Platform security: Mobile devices victimized
The first dings in BlackBerry’s tablet, PlayBook, occurred in December 2011 when a group of researchers published a tool that could jailbreak PlayBook tablets through the exploitation of a bug they found in the operating system. Research in Motion (RIM) later issued a fix for the jailbreak, but that was just the start of what may end up being a long road for the company’s security efforts.
The latest indication is work done by a pair of researchers who found a series of problems and weaknesses in PlayBook, including one that enables an attacker to listen in on the connection between the tablet and a BlackBerry handset. That connection, which occurs via Bluetooth in the company’s Bridge application, allows users to access their corporate email, calendar and other data on the tablet.
Researchers Zach Lanier and Ben Nell of Intrepidus Group were able to locate and grab the authentication token sent between the two devices during Bridge connections and, as an unprivileged user, connect to the PlayBook and access the user’s email and other sensitive information. The key to their finding is PlayBook’s OS puts the authentication token for the Bridge sessions in a spot readable by anyone who knows how to find it.
“While the Bridge is active, the token is in a place that is essentially world readable. The .all file being in a place that is world readable is the thing that causes the problem with the Bridge sessions,” Lanier said.
In order for their attack to work, certain conditions must be present. For example, an app that can access the token must be on the PlayBook. A malicious mobile app would satisfy that requirement. Or, if an attacker was able to exploit another flaw on the tablet, he would be able to access that token as well.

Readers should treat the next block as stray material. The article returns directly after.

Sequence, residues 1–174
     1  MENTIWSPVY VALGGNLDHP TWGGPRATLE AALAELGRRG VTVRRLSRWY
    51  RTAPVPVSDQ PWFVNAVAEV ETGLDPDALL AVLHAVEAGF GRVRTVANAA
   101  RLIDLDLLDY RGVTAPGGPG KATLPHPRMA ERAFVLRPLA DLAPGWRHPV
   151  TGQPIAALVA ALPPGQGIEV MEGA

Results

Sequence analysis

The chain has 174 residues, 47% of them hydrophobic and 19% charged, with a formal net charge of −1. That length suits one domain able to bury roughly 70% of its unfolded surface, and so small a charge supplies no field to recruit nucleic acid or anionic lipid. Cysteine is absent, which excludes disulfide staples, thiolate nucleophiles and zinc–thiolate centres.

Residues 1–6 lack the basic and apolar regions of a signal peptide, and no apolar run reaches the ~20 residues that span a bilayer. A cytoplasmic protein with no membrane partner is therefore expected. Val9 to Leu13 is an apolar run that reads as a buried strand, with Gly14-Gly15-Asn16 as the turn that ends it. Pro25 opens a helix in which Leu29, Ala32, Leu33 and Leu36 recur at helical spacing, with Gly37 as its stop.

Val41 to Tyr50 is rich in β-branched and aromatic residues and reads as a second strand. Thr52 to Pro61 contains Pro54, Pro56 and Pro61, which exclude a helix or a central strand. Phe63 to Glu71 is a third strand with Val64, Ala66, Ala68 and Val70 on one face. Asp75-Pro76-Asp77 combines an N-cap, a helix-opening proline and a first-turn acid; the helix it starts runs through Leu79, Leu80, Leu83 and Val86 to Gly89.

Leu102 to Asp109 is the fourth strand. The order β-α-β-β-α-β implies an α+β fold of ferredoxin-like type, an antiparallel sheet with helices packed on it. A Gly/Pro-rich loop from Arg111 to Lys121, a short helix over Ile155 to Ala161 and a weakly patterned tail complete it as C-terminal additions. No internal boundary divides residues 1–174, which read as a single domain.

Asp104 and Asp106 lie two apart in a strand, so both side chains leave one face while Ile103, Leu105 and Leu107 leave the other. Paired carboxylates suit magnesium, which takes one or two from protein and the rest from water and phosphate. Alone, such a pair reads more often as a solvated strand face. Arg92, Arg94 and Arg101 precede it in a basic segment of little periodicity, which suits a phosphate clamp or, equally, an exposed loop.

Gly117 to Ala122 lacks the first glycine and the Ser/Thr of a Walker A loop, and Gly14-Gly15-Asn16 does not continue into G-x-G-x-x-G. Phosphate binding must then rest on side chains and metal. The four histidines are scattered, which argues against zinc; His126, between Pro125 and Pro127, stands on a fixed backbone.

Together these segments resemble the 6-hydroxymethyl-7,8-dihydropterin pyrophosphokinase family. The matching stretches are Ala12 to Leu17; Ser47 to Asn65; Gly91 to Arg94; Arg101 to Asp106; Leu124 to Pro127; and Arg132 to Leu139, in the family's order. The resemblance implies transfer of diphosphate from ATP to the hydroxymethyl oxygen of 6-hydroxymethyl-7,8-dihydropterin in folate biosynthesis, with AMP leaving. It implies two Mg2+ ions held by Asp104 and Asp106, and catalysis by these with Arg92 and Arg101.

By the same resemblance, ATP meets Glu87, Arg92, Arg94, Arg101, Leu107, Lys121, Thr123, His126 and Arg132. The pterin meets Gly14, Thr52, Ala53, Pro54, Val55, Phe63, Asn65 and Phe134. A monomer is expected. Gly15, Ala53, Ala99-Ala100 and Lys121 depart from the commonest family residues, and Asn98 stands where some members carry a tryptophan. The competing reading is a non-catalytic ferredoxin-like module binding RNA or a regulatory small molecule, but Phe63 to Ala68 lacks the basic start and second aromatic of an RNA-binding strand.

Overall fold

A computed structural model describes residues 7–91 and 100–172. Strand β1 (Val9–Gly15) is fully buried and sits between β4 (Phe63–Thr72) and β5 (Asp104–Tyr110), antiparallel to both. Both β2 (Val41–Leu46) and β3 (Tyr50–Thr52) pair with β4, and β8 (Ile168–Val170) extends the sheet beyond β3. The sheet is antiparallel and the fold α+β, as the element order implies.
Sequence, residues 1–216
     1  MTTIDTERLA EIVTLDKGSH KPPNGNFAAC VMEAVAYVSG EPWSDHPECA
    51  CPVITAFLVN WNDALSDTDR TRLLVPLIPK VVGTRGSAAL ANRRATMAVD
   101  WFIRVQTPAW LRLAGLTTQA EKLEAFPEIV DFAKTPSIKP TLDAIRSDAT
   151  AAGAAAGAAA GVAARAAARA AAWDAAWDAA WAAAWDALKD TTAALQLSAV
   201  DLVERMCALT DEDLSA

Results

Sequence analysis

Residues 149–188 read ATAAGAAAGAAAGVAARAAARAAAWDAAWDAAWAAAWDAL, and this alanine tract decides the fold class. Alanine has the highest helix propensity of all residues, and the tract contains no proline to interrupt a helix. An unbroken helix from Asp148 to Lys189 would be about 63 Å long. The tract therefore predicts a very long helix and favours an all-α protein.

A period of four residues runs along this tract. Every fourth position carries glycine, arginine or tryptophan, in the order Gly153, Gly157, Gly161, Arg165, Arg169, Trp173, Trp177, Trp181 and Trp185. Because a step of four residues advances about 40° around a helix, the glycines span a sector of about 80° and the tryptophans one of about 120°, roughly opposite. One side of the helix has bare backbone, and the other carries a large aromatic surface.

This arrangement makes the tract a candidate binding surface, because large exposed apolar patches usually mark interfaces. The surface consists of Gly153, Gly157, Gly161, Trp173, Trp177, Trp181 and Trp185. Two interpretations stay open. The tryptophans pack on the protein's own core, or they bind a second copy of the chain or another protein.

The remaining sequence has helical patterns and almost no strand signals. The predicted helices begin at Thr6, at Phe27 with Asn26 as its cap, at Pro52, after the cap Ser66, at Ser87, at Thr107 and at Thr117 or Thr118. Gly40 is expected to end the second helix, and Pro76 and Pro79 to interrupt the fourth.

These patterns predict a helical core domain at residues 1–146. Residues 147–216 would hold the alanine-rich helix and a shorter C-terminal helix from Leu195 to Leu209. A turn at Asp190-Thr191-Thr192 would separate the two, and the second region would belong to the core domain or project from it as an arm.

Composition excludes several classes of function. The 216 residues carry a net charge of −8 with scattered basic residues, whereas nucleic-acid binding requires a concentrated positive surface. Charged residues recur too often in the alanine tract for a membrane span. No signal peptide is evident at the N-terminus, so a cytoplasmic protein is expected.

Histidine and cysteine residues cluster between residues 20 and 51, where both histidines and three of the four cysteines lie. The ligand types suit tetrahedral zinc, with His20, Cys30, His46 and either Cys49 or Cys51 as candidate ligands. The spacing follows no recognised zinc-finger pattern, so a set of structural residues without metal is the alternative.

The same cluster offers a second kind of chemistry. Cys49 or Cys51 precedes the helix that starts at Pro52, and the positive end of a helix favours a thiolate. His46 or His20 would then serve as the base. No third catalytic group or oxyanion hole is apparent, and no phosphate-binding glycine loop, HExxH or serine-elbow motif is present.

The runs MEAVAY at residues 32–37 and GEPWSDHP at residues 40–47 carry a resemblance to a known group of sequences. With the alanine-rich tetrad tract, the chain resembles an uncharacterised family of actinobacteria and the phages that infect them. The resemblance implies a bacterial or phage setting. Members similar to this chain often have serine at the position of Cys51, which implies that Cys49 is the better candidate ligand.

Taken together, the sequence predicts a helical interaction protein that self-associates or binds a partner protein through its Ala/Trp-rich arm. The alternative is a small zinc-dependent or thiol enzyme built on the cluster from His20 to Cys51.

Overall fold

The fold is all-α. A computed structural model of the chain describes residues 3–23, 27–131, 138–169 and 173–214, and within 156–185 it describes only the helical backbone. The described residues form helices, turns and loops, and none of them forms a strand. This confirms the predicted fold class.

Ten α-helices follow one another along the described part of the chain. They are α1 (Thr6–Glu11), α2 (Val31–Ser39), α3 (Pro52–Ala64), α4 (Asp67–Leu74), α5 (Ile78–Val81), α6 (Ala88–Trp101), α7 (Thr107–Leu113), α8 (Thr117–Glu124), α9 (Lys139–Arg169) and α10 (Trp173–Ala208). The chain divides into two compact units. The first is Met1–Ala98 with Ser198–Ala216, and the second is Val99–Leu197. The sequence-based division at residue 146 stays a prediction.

RIM said they will fix the Bridge flaw in version 2.0 of the tablet’s operating system.
“The BlackBerry PlayBook issue described at the Infiltrate security conference has been resolved with BlackBerry PlayBook OS 2.0, which is scheduled to be available as a free download to customers in February 2012. There are no known exploits, and risk is mitigated by the fact that a user would need to install and run a malicious application after initiating a BlackBerry Bridge connection with their BlackBerry smartphone.”
RIM is touting the PlayBook as the enterprise-ready tablet, and marketing it aggressively to its large installed BlackBerry customer base. The tablet doesn’t currently have a native email client, so users who want to read their corporate email on the PlayBook either need to use a webmail client or connect to their BlackBerry handsets using Bridge.
Given the placement of the Bridge token and its value to an attacker, Lanier and Nell expect the PlayBook to gain interest among researchers and attackers.
“Now, instead of it just being an unprivileged user who can get to this, now it becomes a high-value target to look for any other bugs in the PlayBook,” Nell said. “They’re protecting these really valuable assets with client-side controls.”